This week, we tackle a common question in today’s realm of Big Data. We all know that there are many systems and methods for collecting data, from web/text scraping, click monitoring, and financial data just to name a few. As a society filled with a rapidly growing amount of data and analytical problems, how do we know when you have enough data? Could there even be situations in which we might have too much data?
First and foremost, an organization, sports or otherwise, needs enough data to compete analytically. That is, they have a large enough sample to build a predictive model that will drive their organizational decision making. From here, if the cost of acquiring data is not too expensive for an organization, they would want as much data as possible and continue to strive to acquire it.
Why as much data as possible? If an organization is analytically driven, they are going to constantly look for new and innovative ways to improve the operations of their company. Data drives this innovation, and if they find themselves limited in terms of pure volume, they will be limited in terms of the amount of data available for innovation. This will make it extremely difficult to stay ahead of the curve.
But what if an organization is just starting to use analytics to drive decision making? In this case, they must understand that much of the volume acquired will be unused. But, they should come to think of this as a long-term investment. They are essentially paying the costs to acquire the data now to innovate later.
Take for example, the MLB. Major League Baseball has taken an interesting approach with big data according to R.J. Anderson of Newsweek. The league is using Statcast, an innovative technology that tracks every pitch, swing, movement, and sending this data to every team. Therefore, teams are not responsible for the cost of acquiring the large amount of data given to them. This is an interesting take, as MLB’s main goal here was to level the playing field and not force small market teams to make an expensive decision.
The NBA, for an additional example, has adopted this method as well. But, first, they allowed each team to decide on whether they wanted to spend nearly $100,000 for cameras from STATS Inc that would track player movements. When left up to each organization, only around half the teams actually paid for this. Because the NBA wanted to level the statistical playing field, they decided to pay for everyone to use these cameras anyway.
We here at SaberSmart believe that all of the big sport conglomerates should encourage equal access to their data. There are still many competitive advantages to be implemented through innovations discovered through analysis of this data. For instance, Statcast is providing more insights into pitcher analysis and even catcher framing and fielding techniques. Eventually, this will lead to new strategies on player worth and free agent targeting, as well as more accurate salaries in relation to the contributions a player can provide for their team.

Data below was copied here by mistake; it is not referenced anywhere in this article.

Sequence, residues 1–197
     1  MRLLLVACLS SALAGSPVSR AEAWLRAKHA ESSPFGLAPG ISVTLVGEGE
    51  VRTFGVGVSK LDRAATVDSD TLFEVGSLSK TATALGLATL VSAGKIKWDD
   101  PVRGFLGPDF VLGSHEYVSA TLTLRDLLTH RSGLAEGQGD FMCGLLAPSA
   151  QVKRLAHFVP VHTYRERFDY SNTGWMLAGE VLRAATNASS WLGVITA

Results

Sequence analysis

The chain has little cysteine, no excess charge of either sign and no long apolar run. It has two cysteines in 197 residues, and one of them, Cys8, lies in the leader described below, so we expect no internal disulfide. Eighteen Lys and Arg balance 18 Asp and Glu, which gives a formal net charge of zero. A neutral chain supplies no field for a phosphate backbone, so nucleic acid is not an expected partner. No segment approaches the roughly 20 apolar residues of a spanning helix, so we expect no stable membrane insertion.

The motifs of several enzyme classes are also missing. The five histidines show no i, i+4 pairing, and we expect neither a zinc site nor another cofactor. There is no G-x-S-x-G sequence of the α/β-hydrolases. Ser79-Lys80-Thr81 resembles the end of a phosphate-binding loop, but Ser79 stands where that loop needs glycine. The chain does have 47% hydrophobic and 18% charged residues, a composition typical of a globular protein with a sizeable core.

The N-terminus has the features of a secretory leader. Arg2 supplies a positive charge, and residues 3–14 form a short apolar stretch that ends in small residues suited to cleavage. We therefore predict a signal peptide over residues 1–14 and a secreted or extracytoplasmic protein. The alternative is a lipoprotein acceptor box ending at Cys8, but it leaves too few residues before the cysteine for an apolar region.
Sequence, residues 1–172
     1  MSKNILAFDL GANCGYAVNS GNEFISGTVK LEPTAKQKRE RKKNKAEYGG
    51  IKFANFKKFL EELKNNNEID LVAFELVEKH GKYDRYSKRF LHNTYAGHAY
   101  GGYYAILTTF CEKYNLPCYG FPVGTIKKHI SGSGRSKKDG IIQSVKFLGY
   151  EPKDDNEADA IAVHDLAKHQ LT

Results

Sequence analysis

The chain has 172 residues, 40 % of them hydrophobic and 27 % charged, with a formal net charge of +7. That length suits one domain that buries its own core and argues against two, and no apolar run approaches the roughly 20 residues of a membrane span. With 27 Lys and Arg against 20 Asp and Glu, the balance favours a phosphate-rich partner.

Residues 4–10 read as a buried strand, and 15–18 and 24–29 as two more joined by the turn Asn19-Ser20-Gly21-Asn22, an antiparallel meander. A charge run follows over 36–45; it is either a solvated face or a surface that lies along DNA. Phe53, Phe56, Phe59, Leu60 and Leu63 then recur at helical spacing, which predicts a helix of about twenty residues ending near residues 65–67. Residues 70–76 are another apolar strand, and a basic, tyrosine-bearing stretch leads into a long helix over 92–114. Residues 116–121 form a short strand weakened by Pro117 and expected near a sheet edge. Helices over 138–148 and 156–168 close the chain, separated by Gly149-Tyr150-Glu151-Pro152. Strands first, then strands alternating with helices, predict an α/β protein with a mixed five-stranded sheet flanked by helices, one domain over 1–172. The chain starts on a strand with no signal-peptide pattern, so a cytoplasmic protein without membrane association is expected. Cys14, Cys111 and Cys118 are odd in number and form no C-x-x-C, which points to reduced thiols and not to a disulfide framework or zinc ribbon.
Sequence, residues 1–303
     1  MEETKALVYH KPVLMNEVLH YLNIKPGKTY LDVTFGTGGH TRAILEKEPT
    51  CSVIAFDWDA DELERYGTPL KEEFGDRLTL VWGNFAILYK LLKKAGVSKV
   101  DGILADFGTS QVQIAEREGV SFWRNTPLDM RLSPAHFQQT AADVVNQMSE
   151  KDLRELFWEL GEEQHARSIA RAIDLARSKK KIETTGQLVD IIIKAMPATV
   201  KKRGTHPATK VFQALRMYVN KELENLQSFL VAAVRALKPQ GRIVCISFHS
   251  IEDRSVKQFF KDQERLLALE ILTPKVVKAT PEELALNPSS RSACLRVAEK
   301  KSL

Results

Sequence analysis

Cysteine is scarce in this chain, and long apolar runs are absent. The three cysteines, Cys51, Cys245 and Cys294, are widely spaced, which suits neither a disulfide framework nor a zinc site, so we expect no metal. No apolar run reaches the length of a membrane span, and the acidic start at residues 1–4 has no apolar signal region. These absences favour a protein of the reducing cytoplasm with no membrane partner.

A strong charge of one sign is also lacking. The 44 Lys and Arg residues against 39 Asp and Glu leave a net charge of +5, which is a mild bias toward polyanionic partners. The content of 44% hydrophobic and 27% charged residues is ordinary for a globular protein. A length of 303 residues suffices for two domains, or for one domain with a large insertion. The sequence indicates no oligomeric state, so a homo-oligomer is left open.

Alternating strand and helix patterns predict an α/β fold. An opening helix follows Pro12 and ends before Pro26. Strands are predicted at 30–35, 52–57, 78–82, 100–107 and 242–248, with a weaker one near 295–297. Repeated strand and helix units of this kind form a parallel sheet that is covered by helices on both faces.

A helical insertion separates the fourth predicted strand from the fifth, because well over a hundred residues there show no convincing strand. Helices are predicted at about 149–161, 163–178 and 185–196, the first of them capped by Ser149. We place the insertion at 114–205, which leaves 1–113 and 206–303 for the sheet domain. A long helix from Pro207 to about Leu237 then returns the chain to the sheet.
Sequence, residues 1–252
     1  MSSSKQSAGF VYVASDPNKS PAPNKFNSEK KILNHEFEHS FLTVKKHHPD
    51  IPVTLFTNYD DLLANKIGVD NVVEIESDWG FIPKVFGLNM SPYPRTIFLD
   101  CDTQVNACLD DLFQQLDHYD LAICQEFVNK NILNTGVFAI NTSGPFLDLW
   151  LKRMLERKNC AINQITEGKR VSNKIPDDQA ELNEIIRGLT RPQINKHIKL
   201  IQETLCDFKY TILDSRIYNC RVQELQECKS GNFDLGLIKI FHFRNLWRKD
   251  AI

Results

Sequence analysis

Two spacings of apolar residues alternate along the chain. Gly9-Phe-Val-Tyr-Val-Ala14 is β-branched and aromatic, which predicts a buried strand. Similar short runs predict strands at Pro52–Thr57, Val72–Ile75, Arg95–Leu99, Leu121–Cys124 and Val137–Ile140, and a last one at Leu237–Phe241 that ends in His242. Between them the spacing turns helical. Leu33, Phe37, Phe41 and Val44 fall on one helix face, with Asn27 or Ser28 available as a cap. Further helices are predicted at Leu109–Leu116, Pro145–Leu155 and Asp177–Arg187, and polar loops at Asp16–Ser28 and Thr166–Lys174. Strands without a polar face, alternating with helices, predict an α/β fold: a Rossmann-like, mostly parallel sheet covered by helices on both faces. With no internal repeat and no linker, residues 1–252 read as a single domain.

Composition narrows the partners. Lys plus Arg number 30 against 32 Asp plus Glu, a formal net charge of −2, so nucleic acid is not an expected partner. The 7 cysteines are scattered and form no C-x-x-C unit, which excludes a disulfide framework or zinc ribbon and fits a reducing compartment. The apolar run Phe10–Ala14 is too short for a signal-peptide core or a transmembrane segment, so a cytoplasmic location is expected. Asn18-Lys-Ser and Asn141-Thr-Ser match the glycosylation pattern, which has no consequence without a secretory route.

The only drawback to having so much data is infrastructure costs. It is not cheap to properly store and secure this data, and if improperly managed could lead to breaches. For example, just ask the Astros after the Cardinals hacked them if they wished that they had secured their data better! This could lead to small market teams not being able to effectively utilize all of the data available to them, as they do not have the infrastructure in place to manage the influx of data. This applies to other companies as well, a small company with slim profit margins could not find it worthwhile from a cost analysis view to implement the infrastructure needed for big data analysis.
Ultimately, an organization striving to compete analytically should seek to acquire as much data as possible, keeping in mind infrastructure costs and other consequent expenses. This will pave the way for model building now and innovation in the future, while allowing the company, or sports organization, to make it their in one piece.
What do you think? Are technologies like Statcast getting out of hand? Or should they keep developing new metrics and data to gather to fuel new innovations? We look forward to hearing your thoughts below!
The SaberSmart Team